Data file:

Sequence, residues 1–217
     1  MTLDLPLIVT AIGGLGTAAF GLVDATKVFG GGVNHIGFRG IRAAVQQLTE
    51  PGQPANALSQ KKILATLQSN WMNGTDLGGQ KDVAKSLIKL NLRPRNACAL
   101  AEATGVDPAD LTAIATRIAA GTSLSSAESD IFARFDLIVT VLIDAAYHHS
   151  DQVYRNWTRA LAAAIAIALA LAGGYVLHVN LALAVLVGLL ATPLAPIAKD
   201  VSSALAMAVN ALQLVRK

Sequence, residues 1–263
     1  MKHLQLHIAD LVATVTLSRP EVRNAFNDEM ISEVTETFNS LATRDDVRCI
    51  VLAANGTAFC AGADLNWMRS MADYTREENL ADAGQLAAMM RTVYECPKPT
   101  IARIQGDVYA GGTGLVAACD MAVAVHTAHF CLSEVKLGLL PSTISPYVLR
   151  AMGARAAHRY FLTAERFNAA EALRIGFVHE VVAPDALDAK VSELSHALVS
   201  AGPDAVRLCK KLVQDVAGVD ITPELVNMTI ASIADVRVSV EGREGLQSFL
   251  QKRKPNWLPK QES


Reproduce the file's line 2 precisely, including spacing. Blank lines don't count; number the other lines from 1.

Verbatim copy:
     1  MTLDLPLIVT AIGGLGTAAF GLVDATKVFG GGVNHIGFRG IRAAVQQLTE